Editor's Note: Welcome to Crash Week! This week marks five years since the bankruptcy of Lehman Brothers and the financial crisis that followed. A lot has happened since then, but how much has changed? All week long we will be exploring this question from a variety of economic angles. Below is the second piece from Institute for New Economic Thinking Senior Fellow Adair Turner. You can also check out the first entry from Institute for New Economic Thinking President Rob Johnson. Stay tuned for contributions from our grantees, community members, leaders, and other prominent economic thinkers! Five years after the collapse of the U.S. investment bank Lehman Brothers, the world has still not addressed the fundamental cause of the subsequent financial crisis – an excess of debt. And that is why economic recovery has progressed much more slowly than anyone expected (in some countries, it has not come at all). Most economists, central bankers, and regulators not only failed to foresee the crisis, but also believed that financial stability was assured so long as inflation was low and stable. And, once the immediate crisis had been contained, we failed to foresee how painful its consequences would be. Official forecasts in the spring of 2009 anticipated neither a slow recovery nor that the initial crisis, which was essentially confined to the United States and the United Kingdom, would soon fuel a knock-on crisis in the euro zone. And market forces did not come close to predicting near-zero interest rates for five years (and counting). One reason for this lack of foresight was uncritical admiration of financial innovation; another was the inherently flawed structure of the euro zone. But the fundamental reason was the failure to understand that high debt burdens, relentlessly rising for several decades – in the private sector even more than in the public sector – were a major threat to economic stability. In 1960, U.K. household debt amounted to less than 15% of GDP; by 2008, the ratio was over 90%. In the U.S., total private credit grew from around 70% of GDP in 1945 to well over 200% in 2008. As long as the debt was in the private sector, most policymakers assumed that its impact was either neutral or benign. Indeed, as former Bank of England Governor Mervyn King has noted, “money, credit, and banks play no meaningful role” in much of modern macroeconomics. That assumption was dangerous, because debt contracts have important implications for economic stability. They are often created in excess, because in the upswing of economic cycles, risky loans look risk-free. And, once created, they introduce the rigidities of default and bankruptcy processes, with their potential for fire sales and business disruptions. Moreover, debt can drive cycles of over-investment, as described by Friedrich von Hayek. The Irish and Spanish property booms are prime examples of this. And debt can drive booms and busts in the price of existing assets: the U.K. housing market over the past few decades is a case in point. When times are good, rising leverage can make underlying problems seem to disappear. Indeed, subprime mortgage lending delivered illusory wealth increases to Americans at a time when they were suffering from stagnant or falling real wages. But in the post-crisis downswing, accumulated debts have a powerful depressive effect, because over-leveraged businesses and consumers cut investment and consumption in an attempt to pay down their debts. Japan’s lost decades after 1990 were the direct and inevitable consequence of the excessive leverage built up in the 1980’s. Faced with depressed private investment and consumption, rising fiscal deficits can play a useful role, offsetting the deflationary effects. But that simply shifts leverage to the public sector, with any reduction in the ratio of private debt to GDP more than matched by an increase in the public-debt ratio: witness the Irish and Spanish governments’ high and rising debt burdens. Private leverage levels, as much as the public-debt burden, must therefore be treated as crucial economic variables. Ignoring them before the crisis was a profound failure of economic science and policy, one for which many countries’ citizens have suffered dearly. Two questions follow. The first is how to navigate out of the current overhang of both private and public debt. There are no easy options. Paying down private and public debt simultaneously depresses growth. Rapid fiscal consolidation thus can be self-defeating. But offsetting fiscal austerity with ultra-easy monetary policies risks fueling a resurgence of private leverage in advanced economies and already has produced the dangerous spillover of rising leverage in emerging economies. Both realism and imaginative policy are required. It is obvious that Greece cannot pay back all of its debt. But it should also be obvious that Japan will never be able to generate a primary fiscal surplus large enough to repay its government debt in the normal sense of the word “repay.” Some combination of debt restructuring and permanent debt monetization (quantitative easing that is never reversed) will in some countries be unavoidable and appropriate. The second question is how to constrain leveraged growth in the future. Achieving this goal requires reforms with a different focus from those pursued so far. Fixing the “too big to fail” problem is certainly important, but the direct taxpayer costs of bank rescues were small change compared to the damage wreaked by the financial crisis. And a banking system that never received a taxpayer subsidy could still support excessive private-sector leverage. What is required is a wide-ranging policy response that combines more powerful countercyclical capital tools than currently planned under Basel 3, the restoration of quantitative reserve requirements to advanced-country central banks’ policy toolkits, and direct borrower constraints, such as maximum loan-to-income or loan-to-value limits, in residential and commercial real-estate lending. These policies would amount to a rejection of the pre-crisis orthodoxy that free markets are as valuable in finance as they are in other economic sectors. That orthodoxy failed. If we do not address the fundamental fact that free financial markets can generate harmful levels of private-sector leverage, we will not have learned the most important lesson of the 2008 crisis. Originally appeared on Project Syndicate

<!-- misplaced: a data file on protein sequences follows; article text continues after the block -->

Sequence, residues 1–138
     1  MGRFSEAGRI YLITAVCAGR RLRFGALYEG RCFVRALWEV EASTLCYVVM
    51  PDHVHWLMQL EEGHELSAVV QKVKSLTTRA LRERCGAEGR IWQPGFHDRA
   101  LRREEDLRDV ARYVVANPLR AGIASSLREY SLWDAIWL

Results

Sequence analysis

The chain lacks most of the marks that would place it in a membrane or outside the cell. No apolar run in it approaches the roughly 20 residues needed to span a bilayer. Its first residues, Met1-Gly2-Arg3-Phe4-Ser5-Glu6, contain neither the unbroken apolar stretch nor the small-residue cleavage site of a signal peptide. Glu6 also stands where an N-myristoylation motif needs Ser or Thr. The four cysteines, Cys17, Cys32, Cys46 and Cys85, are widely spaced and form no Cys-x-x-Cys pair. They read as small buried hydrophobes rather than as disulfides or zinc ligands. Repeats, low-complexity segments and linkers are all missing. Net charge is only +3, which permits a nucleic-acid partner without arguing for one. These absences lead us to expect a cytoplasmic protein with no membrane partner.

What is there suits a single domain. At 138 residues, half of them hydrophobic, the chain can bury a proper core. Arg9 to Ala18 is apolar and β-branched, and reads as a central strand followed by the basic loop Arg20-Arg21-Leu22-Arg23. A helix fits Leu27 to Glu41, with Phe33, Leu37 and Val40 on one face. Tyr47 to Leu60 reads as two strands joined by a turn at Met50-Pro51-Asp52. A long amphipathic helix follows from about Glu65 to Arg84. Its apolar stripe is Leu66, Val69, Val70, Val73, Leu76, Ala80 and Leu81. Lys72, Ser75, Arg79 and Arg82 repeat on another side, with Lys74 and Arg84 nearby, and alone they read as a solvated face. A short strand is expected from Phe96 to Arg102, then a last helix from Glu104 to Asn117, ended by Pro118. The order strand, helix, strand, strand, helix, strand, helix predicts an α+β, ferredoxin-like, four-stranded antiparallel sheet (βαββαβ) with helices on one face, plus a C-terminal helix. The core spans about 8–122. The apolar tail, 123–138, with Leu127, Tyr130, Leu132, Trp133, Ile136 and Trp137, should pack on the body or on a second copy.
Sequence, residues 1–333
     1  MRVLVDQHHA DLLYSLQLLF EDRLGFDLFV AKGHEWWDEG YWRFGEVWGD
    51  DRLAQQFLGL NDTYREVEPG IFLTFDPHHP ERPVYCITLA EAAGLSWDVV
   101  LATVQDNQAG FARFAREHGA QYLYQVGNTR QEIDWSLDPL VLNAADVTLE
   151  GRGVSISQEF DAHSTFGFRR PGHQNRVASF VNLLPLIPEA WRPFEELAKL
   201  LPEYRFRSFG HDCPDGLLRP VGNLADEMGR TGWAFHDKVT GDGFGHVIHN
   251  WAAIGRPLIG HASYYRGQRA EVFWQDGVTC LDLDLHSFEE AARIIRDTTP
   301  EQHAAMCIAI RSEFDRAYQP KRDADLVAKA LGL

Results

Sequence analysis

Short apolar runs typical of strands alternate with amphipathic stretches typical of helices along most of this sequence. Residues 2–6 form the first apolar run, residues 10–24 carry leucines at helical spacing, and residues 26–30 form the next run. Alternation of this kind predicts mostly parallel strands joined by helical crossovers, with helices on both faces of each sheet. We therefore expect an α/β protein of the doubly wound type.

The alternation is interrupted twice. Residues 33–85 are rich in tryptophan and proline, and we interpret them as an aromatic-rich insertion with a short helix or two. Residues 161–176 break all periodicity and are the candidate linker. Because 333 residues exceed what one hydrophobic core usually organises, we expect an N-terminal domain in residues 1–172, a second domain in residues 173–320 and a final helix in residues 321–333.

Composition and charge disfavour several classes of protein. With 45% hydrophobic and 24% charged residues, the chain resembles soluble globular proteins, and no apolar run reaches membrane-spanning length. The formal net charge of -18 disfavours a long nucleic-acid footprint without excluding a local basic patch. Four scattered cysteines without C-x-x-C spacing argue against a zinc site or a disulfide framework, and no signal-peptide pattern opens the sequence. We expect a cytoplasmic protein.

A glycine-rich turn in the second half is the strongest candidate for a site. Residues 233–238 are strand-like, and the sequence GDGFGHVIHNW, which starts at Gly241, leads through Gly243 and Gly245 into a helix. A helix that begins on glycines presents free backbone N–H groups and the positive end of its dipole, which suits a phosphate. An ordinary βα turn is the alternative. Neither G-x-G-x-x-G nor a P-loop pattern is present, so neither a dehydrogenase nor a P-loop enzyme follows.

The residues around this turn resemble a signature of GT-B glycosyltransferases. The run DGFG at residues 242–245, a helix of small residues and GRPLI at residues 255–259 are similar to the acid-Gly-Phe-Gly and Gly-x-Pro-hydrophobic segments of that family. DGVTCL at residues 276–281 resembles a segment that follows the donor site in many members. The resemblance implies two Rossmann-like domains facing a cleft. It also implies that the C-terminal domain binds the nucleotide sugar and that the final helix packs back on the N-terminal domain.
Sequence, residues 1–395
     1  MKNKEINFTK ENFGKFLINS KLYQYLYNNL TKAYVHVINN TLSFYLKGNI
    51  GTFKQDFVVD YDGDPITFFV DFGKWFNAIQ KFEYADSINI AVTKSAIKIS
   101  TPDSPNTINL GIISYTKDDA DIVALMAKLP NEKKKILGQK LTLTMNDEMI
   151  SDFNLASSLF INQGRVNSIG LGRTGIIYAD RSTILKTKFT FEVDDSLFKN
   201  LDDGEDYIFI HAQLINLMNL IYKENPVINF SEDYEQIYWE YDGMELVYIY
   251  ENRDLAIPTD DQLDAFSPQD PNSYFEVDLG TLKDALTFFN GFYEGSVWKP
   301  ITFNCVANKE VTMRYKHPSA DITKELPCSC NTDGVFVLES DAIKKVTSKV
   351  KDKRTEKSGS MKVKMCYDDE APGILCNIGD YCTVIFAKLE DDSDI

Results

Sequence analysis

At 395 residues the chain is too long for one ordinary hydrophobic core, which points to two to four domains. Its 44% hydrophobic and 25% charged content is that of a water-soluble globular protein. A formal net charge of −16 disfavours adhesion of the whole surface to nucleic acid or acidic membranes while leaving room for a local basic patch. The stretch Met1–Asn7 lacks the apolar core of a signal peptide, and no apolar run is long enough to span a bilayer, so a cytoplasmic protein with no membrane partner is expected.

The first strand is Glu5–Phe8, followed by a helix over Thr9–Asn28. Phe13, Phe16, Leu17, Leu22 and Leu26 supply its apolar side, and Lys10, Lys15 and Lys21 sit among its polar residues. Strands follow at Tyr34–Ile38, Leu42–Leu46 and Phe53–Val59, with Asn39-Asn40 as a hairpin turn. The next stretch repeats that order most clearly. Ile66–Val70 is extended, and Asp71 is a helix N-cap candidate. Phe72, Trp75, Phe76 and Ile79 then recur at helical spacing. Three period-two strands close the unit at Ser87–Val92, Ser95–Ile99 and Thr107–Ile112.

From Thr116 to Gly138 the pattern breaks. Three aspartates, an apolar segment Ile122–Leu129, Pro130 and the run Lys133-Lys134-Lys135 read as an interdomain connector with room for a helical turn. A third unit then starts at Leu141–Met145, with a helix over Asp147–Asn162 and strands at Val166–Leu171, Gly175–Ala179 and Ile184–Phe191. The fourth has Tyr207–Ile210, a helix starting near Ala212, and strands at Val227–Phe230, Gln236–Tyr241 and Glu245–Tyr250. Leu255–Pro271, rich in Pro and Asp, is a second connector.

Authored by Daniel Gros, originally posted at Project Syndicate, Emerging markets’ currencies are crashing, and their central banks are busy tightening policy, trying to stabilize their countries’ financial markets. Who is to blame for this state of affairs? A few years ago, when the US Federal Reserve embarked on yet another round of “quantitative easing,” some emerging-market leaders complained loudly. They viewed the Fed’s open-ended purchases of long-term securities as an attempt to engineer a competitive devaluation of the dollar and worried that ultra-easy monetary conditions in the United States would unleash a flood of “hot money” inflows, driving up their exchange rates. This, they feared, would not only diminish their export competitiveness and push their external accounts into deficit; it would also expose them to the harsh consequences of a sudden stop in capital inflows when US policymakers reversed course. At first sight, these fears appear to have been well founded. As the title of a recent paper published by the International Monetary Fund succinctly puts it, “Capital Flows are Fickle: Anytime, Anywhere.” The mere announcement that the Fed might scale down its unconventional monetary-policy operations has led to today’s capital flight from emerging markets. But this view misses the real reason why capital flowed into emerging markets over the last few years, and why the external accounts of so many of them have swung into deficit. The real culprit is the euro. Quantitative easing in the US cannot have been behind these large swings in global current-account balances, because America’s external deficit has not changed significantly in recent years. This is also what one would expect from economic theory: in conditions approaching a liquidity trap, the impact of unconventional monetary policies on financial conditions and demand is likely to be modest. Indeed, the available models tell us that, to the extent that an expansionary monetary policy actually does have an impact on the economy, its effect on the current account should not be large, because any positive effect on exports from a weaker exchange rate should be offset by larger imports due to the increase in domestic demand. This is what has happened in the US, and its recent economic revival has been accompanied by an expansion of both exports and imports. The impact of the various rounds of quantitative easing on emerging markets (and on the rest of the world) has thus been approximately neutral. But austerity in Europe has had a profound impact on the eurozone’s current account, which has swung from a deficit of almost $100 billion in 2008 to a surplus of almost $300 billion this year. This was a consequence of the sudden stop of capital flows to the eurozone’s southern members, which forced these countries to turn their current accounts from a combined deficit of $300 billion five years ago to a small surplus today. Because the external-surplus countries of the eurozone’s north, Germany and Netherlands, did not expand their demand, the eurozone overall is now running the world’s largest current-account surplus – exceeding even that of China, which has long been accused of engaging in competitive currency manipulation. This extraordinary swing of almost $400 billion in the eurozone’s current-account balance did not result from a “competitive devaluation”; the euro has remained strong. So the real reason for the eurozone’s large external surplus today is that internal demand has been so weak that imports have been practically stagnant over the last five years (the average annual growth rate was a paltry 0.25%). The cause of this state of affairs, in one word, is austerity. Weak demand in Europe is the real reason why emerging markets’ current accounts deteriorated (and, with the exception of China, swung into deficit). Thus, if anything, emerging-market leaders should have complained about European austerity, not about US quantitative easing. Fed Chairman Ben Bernanke’s talk of “tapering” quantitative easing might have triggered the current bout of instability; but emerging markets’ underlying vulnerability was made in Europe. The fickleness of capital markets poses once again the paradox of thrift. As capital withdraws from emerging markets, these countries soon will be forced to adopt their own austerity measures and run current-account surpluses, much like the eurozone periphery today. But who will then be able – and willing – to run deficits? Two of the world’s three largest economies come to mind: China, given the strength of its balance sheet, and the eurozone, given the euro’s status as a reserve currency. But both appear committed to running large surpluses (indeed, the two largest in the world). This implies that, unless the US resumes its role as consumer of last resort, the latest bout of financial-market jitters will weaken the global economy again. And any global recovery promises to be unbalanced – that is, if it materializes at all.